Véronique Meyer

French family of draughtsmen and engravers.

(b Paris, c. 1656; d Paris, May 23, 1722). He was also a print-publisher and print-seller.

He probably trained with Adam Pérelle and, like him, specialized in topographical representations. He engraved in suites many views of Paris and of provincial, European and African cities, mixing etching and burin work in a style that was often rather unpolished. In 1685 he obtained a royal licence for ten years, authorizing him to reproduce ‘le profil des maisons royales’; he then published views of Versailles (Weigert, nos 198–293). He also engraved and published some fashionable images, such as Child of Good Family Walking with his Governess (w 388). Among the 412 items that comprise his oeuvre, there are only two portraits and two prints of historical subjects. Also attributed to him are some engravings of designs for theatre and ballet scenery after Giacomo Torelli, ...


Barbara Haskell

(b Sand Bank [now Altmar], NY, March 7, 1885; d New York, Jan 3, 1965).

American painter and printmaker. Avery spent his childhood in Hartford, CT, where he remained until 1925, attending art school from 1911 to 1919 and thereafter painting in the surrounding countryside. His works from this period are characterized by shiny, enamel-like surfaces, created by applying colours with brushes and a palette knife and blending them with his fingers. After marrying and moving to New York in 1925, he replaced the light-drenched palette of his Hartford paintings with sombre tones. He also stopped using an impastoed, palette-knife technique and began to brush pigment on his canvases in thin layers. His figurative and genre subjects resembled those of the realists, but his technique of dispensing with illusionistically modelled shapes in favour of simplified forms and flat colours derived from European artists such as Henri Matisse and Pablo Picasso (e.g. Harbour at Night, 1932; Washington, DC, Phillips Col. and The Steeplechase, Coney Island, 1929...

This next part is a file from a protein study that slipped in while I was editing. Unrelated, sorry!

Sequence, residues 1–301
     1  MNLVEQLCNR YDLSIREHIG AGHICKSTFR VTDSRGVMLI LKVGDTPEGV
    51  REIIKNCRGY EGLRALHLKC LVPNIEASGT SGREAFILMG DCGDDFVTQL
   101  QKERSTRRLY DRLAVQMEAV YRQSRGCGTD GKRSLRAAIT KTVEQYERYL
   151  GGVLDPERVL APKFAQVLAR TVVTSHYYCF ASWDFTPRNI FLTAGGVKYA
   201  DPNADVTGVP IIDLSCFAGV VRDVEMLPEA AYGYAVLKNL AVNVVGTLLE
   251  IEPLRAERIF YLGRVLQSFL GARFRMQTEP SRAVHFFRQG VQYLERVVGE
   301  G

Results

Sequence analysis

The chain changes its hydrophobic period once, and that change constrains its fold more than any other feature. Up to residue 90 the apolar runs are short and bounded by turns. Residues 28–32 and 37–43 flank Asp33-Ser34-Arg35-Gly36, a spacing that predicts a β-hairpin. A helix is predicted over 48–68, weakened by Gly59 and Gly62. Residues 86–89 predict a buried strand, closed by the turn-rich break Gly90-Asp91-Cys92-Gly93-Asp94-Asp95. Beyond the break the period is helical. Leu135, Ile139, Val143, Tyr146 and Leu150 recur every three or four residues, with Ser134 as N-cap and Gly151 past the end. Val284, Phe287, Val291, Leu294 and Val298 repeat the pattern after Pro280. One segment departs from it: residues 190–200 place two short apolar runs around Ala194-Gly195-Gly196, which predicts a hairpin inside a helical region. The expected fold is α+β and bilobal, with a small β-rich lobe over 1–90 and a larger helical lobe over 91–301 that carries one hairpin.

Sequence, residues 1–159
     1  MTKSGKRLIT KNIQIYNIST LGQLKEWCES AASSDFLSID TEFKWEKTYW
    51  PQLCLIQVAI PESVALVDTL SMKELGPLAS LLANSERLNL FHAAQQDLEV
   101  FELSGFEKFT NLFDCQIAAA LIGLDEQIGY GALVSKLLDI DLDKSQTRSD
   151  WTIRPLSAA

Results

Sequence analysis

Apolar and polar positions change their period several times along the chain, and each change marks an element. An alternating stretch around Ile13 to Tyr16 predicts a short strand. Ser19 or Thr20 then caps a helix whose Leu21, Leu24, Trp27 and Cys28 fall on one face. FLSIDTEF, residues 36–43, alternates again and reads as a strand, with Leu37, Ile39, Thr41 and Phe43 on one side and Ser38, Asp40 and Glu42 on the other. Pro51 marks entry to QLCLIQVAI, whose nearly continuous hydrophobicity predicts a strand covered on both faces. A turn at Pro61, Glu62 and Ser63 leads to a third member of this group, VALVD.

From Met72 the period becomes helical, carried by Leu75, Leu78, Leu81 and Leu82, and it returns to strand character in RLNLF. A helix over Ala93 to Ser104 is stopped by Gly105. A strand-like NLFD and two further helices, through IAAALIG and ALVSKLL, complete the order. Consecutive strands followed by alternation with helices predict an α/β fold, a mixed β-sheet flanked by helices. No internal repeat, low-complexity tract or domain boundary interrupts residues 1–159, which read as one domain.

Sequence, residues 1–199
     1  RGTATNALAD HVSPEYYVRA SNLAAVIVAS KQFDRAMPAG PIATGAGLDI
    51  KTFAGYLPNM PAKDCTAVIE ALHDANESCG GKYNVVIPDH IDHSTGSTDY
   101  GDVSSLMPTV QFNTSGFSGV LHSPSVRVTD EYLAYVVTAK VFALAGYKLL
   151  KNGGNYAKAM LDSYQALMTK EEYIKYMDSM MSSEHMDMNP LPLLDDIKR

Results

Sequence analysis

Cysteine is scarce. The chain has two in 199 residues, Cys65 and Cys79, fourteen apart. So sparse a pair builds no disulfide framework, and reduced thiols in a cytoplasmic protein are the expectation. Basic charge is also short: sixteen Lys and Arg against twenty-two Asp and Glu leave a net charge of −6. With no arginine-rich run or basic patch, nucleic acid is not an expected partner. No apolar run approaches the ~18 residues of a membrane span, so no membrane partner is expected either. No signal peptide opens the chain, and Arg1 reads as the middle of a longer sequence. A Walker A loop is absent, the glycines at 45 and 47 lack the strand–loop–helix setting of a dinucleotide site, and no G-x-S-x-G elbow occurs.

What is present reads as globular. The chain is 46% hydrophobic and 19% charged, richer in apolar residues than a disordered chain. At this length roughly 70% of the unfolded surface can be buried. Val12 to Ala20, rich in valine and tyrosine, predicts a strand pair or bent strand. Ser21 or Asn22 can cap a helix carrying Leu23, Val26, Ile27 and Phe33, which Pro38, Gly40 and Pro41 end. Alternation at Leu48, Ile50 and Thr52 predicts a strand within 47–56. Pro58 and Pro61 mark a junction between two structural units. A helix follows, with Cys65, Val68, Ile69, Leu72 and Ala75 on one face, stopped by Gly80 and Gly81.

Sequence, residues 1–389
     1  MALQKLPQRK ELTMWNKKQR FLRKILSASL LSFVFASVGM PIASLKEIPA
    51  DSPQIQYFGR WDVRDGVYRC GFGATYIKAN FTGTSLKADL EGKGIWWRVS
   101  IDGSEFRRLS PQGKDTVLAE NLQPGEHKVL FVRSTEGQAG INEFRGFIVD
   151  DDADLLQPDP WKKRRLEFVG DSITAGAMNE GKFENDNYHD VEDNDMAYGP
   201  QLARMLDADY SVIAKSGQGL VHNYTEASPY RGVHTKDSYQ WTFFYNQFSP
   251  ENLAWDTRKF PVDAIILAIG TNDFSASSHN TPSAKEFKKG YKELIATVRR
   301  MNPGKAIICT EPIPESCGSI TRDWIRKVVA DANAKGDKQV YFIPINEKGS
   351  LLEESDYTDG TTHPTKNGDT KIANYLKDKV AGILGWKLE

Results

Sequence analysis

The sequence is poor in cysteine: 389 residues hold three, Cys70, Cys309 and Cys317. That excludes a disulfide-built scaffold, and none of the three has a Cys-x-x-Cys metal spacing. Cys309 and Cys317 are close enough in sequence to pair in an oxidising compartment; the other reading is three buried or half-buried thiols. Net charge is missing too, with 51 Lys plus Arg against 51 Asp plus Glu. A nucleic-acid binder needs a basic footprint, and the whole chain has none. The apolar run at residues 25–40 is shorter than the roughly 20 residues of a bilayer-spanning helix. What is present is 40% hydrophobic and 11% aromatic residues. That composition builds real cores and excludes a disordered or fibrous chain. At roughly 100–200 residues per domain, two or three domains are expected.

Madeleine Fidell-Beaufort

(b New York, March 17, 1822; d New York, Aug 11, 1904)

American wood-engraver, art dealer, collector and philanthropist. Avery’s career as a wood-engraver and his involvement with the New York publishing trade began in the early 1840s. He worked for, among others, Appleton’s, the New York Herald and Harper’s and produced illustrations for trade cards, religious tracts, adventure stories and children’s books. By the early 1850s Avery had begun compiling humorous books and commissioning drawings from such artist-illustrators as Felix Octavius Carr Darley, John Whetten Ehninger, Augustus Hoppin (1827–96), Tompkins Harrison Matteson and John McLenan (1827–66). His business contacts led to close relationships with such artists as Frederick Church, John F. Kensett and William Trost Richards.

By the late 1850s Avery had begun to collect drawings and small cabinet pictures by local artists. Other art collectors, notably William T. Walters, asked Avery’s advice when commissioning works of art. In 1864 he turned his engraving practice over to ...


[Óbidos, Josefa d’]

(b Seville, c. 1630; d Óbidos, July 22, 1684).

Portuguese painter and engraver. She was the daughter of the Portuguese painter Baltazar Gomes Figueira (1597–1674) and a Spanish lady, Doña Catarina de Ayala y Cabrera. After the restoration of the Portuguese monarchy in 1640 the family moved to Coimbra. Here Josefa began her apprenticeship under her father, a painter of landscapes, still-lifes and religious works, who in 1644 painted the retable of Nossa Senhora da Graça, Coimbra, in the naturalist-tenebrist style he had learnt in Seville in the circles of Juan del Castillo, Juan de Roelas and Francisco de Zurbarán.

Josefa’s first known work is an engraving of St Catharine (1646; Lisbon, Mateus José de Arriaga Xavier da Costa priv. col., see 1984 exh. cat., pl. 1). In 1647 she painted on copper the Mystic Marriage of St Catharine (Lisbon, Mus. N.A. Ant.), which, despite the artificial lighting, dainty figures and the almost obsessive piety, shows her promise as a painter in oils. The fine painting on copper of ...